“Remember how we used to play hide and seek in the dunes?” asked Max. “Mum always found the best spots. You count Dad, and we’ll hide.” Max ran off before anyone could reply. Jack ran in the opposite direction. “Great, thought Emma, we’ll never get home.” But she had no choice but to hide. “At least I can go in the direction of the car,” she thought.

She climbed the dune and slipped under the loose wire that fenced off the midden. With the gentlest footsteps she walked into the centre -the words of her father’s lecture about the sanctity of the midden seemed to demand it. The sand was lumpy with shells and other shapes the girl could not name; she lay in a hollow that seemed to be carved to her exact shape. It was as if the dune and the girl had never been separate. Emma had an extraordinary sense of belonging. She felt that she could sleep in this perfect resting place until sunrise.

She could hear the voices of the boys as they were found. Dad was calling, but the loudest sound was the pounding of her heart. The chilly evening breeze cut through the thin fabric of her shirt. Something grated her hip. She wriggled around and pulled out a large pink cockle shell, crusted with sand and bleached with age. “Bimbilla,” she whispered. Suddenly, cold fingers touched her arm, and as she began to cry out, a cold palm clasped tightly over her mouth.

“Quiet. Don’t move. Bimbilla hides too. We will hide from the white ghosts together.”

Emma pushed against the cold limbs encircling her and sprang up from the sand, racing out from the midden. She snagged her shorts on the wire and a deep gash spurted blood from her calf. “Dad, here! Help,” she cried. “Someone got me…”

In his concern for the cut and annoyance at having no first aid kit, her father didn’t listen to Emma’s words. “Were you in the midden?” he asked. You know that it is off limits…” As she was helped back to the car she slipped the cockle shell, still gripped by tight in her fingers, into the pocket of her shorts.

That night, disinfected and bandaged, after a long talk on the phone with mum, Emma lay in bed listening to music and doodling in her scrapbook. Dad brought her a hot drink. “At least I won’t have to climb sand mountains tomorrow,” she thought. She pulled the pink cockle shell out from under her pillow, and sketched the cream-coloured convex ridges of the shell, on the white page, darkening them to pink at the edges until they looked like pale fingers cupped together.

“We will hide together,” echoed the voice, but Emma turned up the music and lay back on the pillow, closing her eyes for sleep.

The dreams Emma remembered in the morning were as clear as a video being shown in her head. An Aboriginal girl woman with a pale skinned baby wrapped in a wallaby skin, waving to a white fisherman in a boat in the bay. “Bimbilla,” sings the woman, rocking the infant on one arm, scooping fish from smoking ashes with a cockle shell. Emma sees the same baby, grown to a ginger-headed girl, dancing and laughing on the beach with her mother, collecting oysters from the rocks, singing around the glowing fire.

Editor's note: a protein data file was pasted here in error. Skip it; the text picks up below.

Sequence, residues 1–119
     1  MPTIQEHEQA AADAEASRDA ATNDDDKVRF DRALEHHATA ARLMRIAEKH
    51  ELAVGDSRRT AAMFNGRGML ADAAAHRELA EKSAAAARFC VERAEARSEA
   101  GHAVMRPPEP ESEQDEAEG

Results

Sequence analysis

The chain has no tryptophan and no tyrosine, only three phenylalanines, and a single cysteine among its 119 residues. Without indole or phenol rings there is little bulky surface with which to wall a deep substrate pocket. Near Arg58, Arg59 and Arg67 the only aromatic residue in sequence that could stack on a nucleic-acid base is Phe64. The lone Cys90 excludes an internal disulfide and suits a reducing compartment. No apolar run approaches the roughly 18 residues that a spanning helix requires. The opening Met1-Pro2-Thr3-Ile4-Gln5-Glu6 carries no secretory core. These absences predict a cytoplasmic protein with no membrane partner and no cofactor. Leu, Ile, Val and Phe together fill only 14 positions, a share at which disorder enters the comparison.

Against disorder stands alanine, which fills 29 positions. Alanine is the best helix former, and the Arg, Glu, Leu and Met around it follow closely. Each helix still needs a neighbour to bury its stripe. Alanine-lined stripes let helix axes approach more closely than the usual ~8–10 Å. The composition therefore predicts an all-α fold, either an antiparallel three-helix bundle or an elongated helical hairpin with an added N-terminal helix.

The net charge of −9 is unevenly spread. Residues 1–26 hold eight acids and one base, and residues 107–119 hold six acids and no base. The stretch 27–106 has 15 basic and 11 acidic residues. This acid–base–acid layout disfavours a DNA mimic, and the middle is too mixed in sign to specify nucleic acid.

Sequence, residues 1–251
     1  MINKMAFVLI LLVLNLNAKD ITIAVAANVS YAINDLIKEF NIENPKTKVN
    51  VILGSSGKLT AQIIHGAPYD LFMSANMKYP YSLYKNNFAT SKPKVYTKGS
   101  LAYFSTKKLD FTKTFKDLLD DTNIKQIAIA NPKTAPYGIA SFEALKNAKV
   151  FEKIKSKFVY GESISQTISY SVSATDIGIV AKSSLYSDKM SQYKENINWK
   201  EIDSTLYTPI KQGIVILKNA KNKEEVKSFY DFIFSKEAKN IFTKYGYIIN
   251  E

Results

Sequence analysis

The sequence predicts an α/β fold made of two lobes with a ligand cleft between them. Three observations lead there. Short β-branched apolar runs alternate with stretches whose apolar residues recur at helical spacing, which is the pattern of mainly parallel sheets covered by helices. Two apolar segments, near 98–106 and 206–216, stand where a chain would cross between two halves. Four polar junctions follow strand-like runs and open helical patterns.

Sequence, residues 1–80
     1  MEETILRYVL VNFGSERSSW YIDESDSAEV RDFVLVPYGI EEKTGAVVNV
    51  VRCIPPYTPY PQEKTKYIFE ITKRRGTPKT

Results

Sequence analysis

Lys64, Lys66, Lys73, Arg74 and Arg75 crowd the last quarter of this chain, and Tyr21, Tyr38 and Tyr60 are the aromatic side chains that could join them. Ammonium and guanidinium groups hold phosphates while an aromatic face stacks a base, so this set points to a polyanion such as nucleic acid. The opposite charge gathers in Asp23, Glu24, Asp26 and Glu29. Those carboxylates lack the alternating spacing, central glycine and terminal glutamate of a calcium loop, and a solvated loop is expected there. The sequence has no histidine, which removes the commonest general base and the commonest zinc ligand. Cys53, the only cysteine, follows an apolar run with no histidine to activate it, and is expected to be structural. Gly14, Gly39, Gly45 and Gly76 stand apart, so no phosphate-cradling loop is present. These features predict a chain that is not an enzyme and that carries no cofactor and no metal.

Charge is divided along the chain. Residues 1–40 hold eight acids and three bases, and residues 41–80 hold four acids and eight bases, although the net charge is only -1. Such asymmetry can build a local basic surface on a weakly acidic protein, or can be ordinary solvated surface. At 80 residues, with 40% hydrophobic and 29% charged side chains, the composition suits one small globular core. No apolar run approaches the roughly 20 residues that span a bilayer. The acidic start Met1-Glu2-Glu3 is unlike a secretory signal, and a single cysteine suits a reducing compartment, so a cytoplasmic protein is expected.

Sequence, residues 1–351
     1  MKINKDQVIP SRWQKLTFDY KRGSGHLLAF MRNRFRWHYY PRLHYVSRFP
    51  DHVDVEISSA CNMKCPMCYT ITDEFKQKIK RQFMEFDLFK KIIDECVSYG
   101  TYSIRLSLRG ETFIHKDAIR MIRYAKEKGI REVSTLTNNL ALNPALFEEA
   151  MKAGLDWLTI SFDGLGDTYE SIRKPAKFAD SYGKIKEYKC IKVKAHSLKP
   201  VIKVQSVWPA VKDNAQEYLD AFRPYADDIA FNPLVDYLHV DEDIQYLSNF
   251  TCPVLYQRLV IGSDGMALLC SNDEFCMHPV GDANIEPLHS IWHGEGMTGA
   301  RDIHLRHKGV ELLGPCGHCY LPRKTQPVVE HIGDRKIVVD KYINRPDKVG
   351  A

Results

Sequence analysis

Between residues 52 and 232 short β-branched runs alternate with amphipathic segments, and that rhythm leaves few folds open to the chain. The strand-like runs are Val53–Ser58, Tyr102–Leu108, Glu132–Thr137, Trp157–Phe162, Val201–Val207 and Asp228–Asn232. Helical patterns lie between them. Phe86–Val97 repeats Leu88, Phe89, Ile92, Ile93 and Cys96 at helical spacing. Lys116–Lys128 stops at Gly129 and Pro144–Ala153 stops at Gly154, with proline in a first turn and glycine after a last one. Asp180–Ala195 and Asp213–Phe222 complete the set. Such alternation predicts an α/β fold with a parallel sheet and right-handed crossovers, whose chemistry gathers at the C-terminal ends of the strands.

Emma took up her scrapbook and drew the figures, the rocky point, the sea.

“OK Princess?” asked Dad. I’ll only be gone an hour. Mrs O’Keefe is next door, she’ll hear if you shout…”

“Go on, Dad, I don’t need Mrs O’Keefe,” said Emma. “ I’ll be fine.”

“Bimbilla,” she whispered. “Bimbilla, I’m not afraid of you now. Be my koe-tee.”

From behind the bedroom door a slim, tanned and freckled girl with tangled ginger hair stepped quietly into the room. “Bimbilla’s good at hiding,” she laughed.

Emma showed the girl the scrapbook drawings, and soon they were covering pages with drawings of turtles, fish, birds and people with distinctive dotted patterns.

“Why were you hiding, Bimbilla?” asked Emma gently.

“The white ghosts come,” said Bimbilla. “They come, they push, they drag, they shout, they take Worimi to the rocks. They push them over. All gone.”

“But you hid?”

Bimbilla nodded. “Hiding in the sand. The white ghosts did not find Bimbilla.”

The sound of the car in the drive made Emma jump. “Hide again, Bimbilla, hide now!” she whispered urgently.

Emma got up and limped to meet her father at the door.

“Feeling better? That’s good, he smiled.

Emma didn’t have much chance to talk again with Bimbilla until evening. They drew pictures and laughed together until sleep claimed them. Again Emma dreamt of the beach and the rocky point, the dark-skinned people laughing and splashing in the shallows, eating fish cooked in ashes, pulling a surprised goanna from the scrub by the tail.

Next day Max was mad to go back to Dark Point. “Son, I don’t think Emma is up to it,” said Dad.

“Yes I am, it will be fine,” said Emma. “My leg is much better.” Dad raised his eyebrows in surprise, but quickly packed sandwiches and fruit for lunch.

Driving down the long coastal road, between natural hedges of ti-tree kept trim by the sea winds, Emma clutched the pink cockle shell tightly in her hand. “Nearly home, Bimbilla,” she whispered. Willy wagtails twitched on the side of the road, and the stirred the tops of the trees.

After lunch Emma walked by herself to the midden and tucked the pink shell back into the sand. “You are home again now, Bimbilla, my koe-tee. I’m sorry about the white ghosts,” she said. Looking down to the cove north of the rocky point, Emma could see clear, clean water, with no trace of red in the dancing waves.

“Bimbilla” © Julie Thorndyke

First published in:

Secrets : stories selected by Stephen Matthews.
Charnwood, A.C.T. : Ginninderra Press, 2006.